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Up until 1872 there was not over 150 miles of railroad in the state ; that was from Galveston to Houston, and a short line from Houston to Brazoria, twenty-five miles in length, and one road from Harrisburg to Alleyton, three miles east of Columbus.
So the cattle driving to Kansas was the only hope at that time, and it proved to be a great help before the railroads got around. Trail driving to Kansas lasted from 1866 to 1886, and it was estimated that fully eight million head of cattle and horses were driven and sold during the twenty years above mentioned to Kansas, the drivers paying for the cattle on an average of $10.00 per head, although most of the horses came back to Texas and were used the next year. There were all sizes of herds, from five hundred to twenty-five hundred cattle in a drove, usually seven or eight men to the small herds and twelve to fifteen men with the large herds.
My first trip to Kansas was in the year 1868. I went with men by the name of Forehand and C. Cockrell. The cattle were steers, six hundred in number, and were gathered near Cistern Postoffice, in Bastrop County. There were eight hands besides the owners and the cook. After we passed Dallas lightning struck the boys in camp, killing one, and three others were so badly burned that one of them quit, so we only had .six all the way to Kansas. We were told by the citizens of Dallas that we would reach the Chisholm Trail a few miles north of Dallas, and we followed it through Fort Worth, a small town, then through the Chickasaw Nation on to Wichita, Kansas, and thence to Solomon City on the Kansas Pacific Railroad, nine miles west of Abilene.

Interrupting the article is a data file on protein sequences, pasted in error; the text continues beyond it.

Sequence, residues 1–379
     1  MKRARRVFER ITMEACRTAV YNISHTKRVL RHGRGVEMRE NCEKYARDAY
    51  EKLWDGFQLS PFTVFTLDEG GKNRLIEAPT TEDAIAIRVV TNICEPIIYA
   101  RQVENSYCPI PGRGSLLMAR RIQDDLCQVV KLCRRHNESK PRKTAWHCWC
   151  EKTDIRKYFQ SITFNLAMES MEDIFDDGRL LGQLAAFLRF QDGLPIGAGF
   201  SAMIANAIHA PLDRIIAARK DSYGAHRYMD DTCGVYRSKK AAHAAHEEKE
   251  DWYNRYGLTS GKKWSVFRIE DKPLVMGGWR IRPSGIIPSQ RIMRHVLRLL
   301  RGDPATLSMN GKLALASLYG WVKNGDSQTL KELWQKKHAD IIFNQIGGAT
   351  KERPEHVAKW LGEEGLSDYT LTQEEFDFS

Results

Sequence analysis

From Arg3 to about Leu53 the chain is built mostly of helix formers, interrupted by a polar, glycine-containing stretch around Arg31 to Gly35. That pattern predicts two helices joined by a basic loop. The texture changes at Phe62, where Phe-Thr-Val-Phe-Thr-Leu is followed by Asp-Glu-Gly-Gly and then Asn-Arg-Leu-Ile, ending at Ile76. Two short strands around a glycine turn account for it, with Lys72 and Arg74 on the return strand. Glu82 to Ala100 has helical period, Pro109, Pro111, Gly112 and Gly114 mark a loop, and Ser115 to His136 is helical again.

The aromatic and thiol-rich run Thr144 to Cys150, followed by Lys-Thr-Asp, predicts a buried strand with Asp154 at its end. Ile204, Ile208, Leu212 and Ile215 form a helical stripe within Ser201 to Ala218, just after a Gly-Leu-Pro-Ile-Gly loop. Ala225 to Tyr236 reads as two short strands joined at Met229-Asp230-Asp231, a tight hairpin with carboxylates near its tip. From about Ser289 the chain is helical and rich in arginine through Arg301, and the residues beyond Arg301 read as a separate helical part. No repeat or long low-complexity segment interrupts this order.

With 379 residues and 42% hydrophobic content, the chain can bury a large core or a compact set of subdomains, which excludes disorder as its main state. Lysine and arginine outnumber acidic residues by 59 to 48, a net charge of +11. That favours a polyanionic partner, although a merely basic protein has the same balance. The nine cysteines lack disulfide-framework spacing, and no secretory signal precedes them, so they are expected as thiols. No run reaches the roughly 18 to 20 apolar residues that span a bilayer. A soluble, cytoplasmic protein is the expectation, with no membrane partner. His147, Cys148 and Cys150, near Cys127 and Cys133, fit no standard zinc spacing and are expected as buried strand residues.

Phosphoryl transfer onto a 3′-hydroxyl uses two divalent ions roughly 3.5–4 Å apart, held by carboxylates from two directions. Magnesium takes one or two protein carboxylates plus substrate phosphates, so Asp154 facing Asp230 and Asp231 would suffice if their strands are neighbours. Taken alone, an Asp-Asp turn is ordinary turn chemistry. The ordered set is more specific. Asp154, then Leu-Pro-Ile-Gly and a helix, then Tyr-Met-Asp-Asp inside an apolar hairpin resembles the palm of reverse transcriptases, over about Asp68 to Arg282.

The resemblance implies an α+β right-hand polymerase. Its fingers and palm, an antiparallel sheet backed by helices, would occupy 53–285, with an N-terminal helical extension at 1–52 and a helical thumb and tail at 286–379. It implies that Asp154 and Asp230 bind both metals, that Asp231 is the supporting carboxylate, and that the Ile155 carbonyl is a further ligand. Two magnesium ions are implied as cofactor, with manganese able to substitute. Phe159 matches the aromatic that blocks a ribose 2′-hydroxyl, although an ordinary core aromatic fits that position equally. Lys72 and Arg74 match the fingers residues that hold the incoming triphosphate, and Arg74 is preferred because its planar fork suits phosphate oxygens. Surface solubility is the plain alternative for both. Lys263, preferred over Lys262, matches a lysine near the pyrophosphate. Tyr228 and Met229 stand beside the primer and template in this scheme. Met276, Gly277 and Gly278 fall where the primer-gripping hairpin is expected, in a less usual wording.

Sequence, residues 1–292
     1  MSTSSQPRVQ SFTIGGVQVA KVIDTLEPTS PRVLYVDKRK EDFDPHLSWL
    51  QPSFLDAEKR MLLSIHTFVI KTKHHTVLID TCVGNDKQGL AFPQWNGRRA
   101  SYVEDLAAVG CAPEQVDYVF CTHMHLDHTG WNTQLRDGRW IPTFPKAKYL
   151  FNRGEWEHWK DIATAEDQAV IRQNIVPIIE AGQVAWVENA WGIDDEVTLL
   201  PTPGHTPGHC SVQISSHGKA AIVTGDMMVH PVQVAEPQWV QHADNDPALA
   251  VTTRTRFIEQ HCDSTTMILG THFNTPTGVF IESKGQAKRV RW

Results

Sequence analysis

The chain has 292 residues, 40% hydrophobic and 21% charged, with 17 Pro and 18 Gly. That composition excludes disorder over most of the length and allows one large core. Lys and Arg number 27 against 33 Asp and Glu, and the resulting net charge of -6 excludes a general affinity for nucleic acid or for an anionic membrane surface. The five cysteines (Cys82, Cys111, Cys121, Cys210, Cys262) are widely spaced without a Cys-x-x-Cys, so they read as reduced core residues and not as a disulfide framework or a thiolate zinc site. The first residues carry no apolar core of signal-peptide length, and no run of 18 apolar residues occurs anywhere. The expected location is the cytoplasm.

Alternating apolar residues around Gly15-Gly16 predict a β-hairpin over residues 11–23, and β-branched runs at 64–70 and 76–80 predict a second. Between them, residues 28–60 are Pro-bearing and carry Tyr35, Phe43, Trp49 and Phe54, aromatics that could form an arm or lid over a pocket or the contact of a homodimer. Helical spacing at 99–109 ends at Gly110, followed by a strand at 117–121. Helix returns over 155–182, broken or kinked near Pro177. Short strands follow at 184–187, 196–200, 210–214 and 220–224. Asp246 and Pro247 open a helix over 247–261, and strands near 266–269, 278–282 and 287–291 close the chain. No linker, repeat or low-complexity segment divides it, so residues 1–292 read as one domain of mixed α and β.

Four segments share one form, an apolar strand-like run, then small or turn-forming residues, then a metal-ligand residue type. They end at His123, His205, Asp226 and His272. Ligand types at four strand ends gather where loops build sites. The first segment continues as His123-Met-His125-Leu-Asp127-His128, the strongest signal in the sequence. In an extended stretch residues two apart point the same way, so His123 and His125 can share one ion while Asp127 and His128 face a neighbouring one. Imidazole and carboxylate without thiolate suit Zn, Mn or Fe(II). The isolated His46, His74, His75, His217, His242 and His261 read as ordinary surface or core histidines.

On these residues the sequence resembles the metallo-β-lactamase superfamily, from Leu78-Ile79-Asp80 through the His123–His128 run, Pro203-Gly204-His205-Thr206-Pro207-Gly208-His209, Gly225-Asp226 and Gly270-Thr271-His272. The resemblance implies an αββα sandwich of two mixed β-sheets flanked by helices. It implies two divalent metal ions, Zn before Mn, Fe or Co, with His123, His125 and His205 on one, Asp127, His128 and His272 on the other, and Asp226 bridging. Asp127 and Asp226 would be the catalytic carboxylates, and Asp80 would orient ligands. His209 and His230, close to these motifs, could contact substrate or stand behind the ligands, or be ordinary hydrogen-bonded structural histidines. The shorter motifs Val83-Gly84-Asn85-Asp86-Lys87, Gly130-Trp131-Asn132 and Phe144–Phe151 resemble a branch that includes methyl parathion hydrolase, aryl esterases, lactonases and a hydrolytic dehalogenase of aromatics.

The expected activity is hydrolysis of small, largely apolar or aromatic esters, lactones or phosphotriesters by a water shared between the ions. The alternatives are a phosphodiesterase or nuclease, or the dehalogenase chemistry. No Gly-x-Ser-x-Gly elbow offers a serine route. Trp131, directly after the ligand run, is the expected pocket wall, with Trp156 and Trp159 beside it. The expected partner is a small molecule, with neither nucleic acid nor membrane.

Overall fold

There were but few settlements on the way after we passed Dallas, and when we reached the settlements in Kansas we were all joyful again. We passed through many prairie dog towns and over rattlesnake dens, and lost only one horse from rattlesnake bite. Many kinds of wild animals were to be seen along the way, such as